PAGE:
Days after Verizon launches a tech news site that bans reporting on network neutrality, the FCC is hinting at a "hybrid" approach to governing network neutrality. “Broadband connections to consumers would be regulated lightly as a "retail" service. Lines between websites and services (or "edge providers," in FCC-speak) and broadband providers would be regulated under old rules written for old phone networks. [...] Net neutrality advocates argue that the third option, the hybrid approach, isn't the best way to move forward since the plan is so convoluted it probably won't hold up under the inevitable legal challenge."

A new Crypto War on the steps of Capitol Hill.

"FBI Director James Comey has launched a new "crypto war" by asking Congress to update a two-decade-old law to make sure officials can access information from people's cellphones and other communication devices [...] The call is expected to trigger a major Capitol Hill fight about whether or not tech companies need to give the government access to their users' data [...] The notion that it's not a backdoor; it's a front door - that's just wordplay," said Bruce Schneier, a computer security expert and fellow at the Berkman Center for Internet and Society at Harvard University. "It just makes no sense."

President sends strong signal to FCC's Tom Wheeler to protect net neutrality.

"President Obama said late Thursday that he was "unequivocally committed" to net neutrality and firmly opposed to any proposal that would let companies buy an Internet fast lane to deliver their content more quickly to consumers. The statements [...] gave a strong signal to Mr. Obama's Democratic appointees on the Federal Communications Commission that he wants them to heed the overwhelming public sentiment expressed in 3.7 million comments sent to the commission in recent months concerning a set of rules proposed by the commission meant to protect net neutrality. A large majority of those comments, solicited by the commission, came out against Internet fast lanes - a practice known as paid prioritization."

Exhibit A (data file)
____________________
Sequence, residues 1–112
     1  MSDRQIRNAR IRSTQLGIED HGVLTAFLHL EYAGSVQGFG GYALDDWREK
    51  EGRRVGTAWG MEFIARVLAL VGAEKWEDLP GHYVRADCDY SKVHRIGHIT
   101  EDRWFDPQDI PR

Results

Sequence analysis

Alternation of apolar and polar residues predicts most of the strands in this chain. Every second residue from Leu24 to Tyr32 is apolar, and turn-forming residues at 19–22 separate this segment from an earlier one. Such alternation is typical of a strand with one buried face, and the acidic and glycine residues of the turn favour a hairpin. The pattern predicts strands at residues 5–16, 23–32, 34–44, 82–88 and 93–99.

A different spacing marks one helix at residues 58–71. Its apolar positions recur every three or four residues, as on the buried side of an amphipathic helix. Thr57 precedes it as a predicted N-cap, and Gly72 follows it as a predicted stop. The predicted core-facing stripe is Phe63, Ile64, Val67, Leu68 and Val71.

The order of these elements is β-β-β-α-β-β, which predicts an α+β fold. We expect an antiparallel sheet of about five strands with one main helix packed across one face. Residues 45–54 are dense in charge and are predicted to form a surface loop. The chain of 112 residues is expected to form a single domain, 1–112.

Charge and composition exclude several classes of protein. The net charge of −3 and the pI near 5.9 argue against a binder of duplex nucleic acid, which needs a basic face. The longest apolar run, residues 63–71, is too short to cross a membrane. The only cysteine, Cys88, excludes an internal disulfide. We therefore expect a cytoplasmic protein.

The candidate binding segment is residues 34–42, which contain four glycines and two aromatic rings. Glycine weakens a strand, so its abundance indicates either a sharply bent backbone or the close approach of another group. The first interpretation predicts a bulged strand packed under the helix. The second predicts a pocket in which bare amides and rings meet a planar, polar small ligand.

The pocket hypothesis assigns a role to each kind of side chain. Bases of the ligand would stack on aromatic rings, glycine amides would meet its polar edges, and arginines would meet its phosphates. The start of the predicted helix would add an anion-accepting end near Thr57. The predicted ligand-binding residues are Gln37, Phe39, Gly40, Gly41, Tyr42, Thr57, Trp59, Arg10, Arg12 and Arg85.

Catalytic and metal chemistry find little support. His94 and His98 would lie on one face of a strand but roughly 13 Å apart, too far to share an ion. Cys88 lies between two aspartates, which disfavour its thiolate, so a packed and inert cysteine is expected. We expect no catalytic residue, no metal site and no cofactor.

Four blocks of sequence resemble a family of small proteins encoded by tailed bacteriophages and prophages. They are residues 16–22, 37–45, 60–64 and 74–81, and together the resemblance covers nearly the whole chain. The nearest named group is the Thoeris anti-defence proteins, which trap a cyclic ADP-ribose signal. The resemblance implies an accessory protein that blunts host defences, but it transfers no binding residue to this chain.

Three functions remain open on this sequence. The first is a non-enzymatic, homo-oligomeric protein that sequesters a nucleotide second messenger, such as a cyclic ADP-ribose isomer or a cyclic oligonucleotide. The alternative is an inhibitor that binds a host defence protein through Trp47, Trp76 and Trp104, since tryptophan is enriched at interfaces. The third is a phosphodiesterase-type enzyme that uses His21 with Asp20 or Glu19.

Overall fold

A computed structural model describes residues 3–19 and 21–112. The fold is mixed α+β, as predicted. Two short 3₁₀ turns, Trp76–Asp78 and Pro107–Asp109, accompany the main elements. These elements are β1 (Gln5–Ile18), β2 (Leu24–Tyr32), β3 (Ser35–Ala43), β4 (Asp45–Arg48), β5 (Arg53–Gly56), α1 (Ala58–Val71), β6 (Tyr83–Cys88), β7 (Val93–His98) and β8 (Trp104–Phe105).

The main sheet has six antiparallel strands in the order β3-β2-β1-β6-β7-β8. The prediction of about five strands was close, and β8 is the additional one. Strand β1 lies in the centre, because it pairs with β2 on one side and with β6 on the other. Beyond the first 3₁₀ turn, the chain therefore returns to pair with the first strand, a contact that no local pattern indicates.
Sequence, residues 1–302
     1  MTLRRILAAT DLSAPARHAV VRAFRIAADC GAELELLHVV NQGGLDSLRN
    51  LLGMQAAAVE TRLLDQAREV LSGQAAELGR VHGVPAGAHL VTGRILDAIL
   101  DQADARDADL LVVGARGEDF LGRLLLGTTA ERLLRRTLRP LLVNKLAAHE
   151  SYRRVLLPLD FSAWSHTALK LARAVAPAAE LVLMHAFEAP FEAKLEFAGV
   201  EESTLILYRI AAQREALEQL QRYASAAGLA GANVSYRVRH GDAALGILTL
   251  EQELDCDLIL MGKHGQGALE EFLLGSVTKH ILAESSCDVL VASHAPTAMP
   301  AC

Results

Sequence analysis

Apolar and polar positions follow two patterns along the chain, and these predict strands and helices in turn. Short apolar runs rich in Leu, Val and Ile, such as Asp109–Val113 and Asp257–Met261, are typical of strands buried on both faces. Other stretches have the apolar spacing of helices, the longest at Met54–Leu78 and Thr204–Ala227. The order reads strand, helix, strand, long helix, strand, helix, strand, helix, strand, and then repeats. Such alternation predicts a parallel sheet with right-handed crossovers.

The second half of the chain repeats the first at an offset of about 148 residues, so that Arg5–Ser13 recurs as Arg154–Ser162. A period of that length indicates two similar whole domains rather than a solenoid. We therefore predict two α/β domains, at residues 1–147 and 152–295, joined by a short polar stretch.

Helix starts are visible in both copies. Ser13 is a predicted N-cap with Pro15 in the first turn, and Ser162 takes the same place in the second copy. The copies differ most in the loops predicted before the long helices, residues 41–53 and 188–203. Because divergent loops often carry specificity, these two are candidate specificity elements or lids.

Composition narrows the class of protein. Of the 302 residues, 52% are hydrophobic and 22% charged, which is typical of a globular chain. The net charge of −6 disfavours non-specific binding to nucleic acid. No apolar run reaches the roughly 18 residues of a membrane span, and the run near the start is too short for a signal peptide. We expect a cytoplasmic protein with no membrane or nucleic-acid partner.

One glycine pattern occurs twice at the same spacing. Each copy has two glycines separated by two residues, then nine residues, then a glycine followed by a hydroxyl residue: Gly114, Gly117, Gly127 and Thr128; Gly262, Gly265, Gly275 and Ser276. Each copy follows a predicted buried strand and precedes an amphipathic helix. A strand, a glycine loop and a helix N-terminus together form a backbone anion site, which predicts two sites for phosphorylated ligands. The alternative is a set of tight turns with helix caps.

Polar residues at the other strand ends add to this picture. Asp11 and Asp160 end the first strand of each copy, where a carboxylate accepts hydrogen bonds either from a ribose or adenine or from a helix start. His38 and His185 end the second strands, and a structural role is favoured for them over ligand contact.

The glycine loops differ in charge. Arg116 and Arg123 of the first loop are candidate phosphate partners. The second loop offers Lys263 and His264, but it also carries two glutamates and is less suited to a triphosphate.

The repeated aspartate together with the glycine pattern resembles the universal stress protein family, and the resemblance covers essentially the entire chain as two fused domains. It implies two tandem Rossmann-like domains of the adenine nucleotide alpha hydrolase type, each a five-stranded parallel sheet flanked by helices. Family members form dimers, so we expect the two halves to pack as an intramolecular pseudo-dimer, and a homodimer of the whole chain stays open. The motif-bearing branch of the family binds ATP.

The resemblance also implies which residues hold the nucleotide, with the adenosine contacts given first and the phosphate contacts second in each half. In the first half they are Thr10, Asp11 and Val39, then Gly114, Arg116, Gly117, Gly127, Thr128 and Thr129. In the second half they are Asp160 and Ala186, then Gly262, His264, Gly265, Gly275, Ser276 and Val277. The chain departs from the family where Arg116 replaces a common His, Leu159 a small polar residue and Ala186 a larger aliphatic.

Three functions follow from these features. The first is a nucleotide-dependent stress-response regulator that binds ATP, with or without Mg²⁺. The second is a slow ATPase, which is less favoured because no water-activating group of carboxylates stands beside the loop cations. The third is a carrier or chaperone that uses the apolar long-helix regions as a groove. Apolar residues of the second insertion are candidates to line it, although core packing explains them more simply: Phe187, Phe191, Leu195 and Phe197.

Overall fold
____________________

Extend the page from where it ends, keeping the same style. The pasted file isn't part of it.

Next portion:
You can't build a backdoor that only the good guys can walk through.

"Encryption protects against cybercriminals, industrial competitors, the Chinese secret police and the FBI. You're either vulnerable to eavesdropping by any of them, or you're secure from eavesdropping from all of them[...] FBI Director James Comey claimed that Apple's move allows people to "place themselves beyond the law" and also invoked that now overworked "child kidnapper." John J. Escalante, chief of detectives for the Chicago police department now holds the title of most hysterical: "Apple will become the phone of choice for the pedophile. It's all bluster. Of the 3,576 major offenses for which warrants were granted for communications interception in 2013, exactly one involved kidnapping. And, more importantly, there's no evidence that encryption hampers criminal investigations in any serious way. In 2013, encryption foiled the police nine times, up from four in 2012­ -- and the investigations proceeded in some other way. This is why the FBI's scare stories tend to wither after public scrutiny."

Fast Internet lanes for the rich; slow ones for the rest of us.

AT&T has already announced plans for such a service, called Sponsored Data, on its cellular data network. Among other things, this could allow content providers to cover the cost of delivering their data to consumers, making their content more attractive. That concept may get more complicated if encryption comes into play. For example, in some developing countries, Facebook and mobile operators together are offering cheap mobile data deals that only cover Facebook. There are encrypted services that can tunnel through Facebook to give users access to other service, but carriers will want to know if anyone is circumventing the exclusive Facebook deal. "The problem is that providers are going to say, 'We need to be able to know that you're not doing that, therefore we need to be able to ensure that you are not encrypting,'" Meinrath said."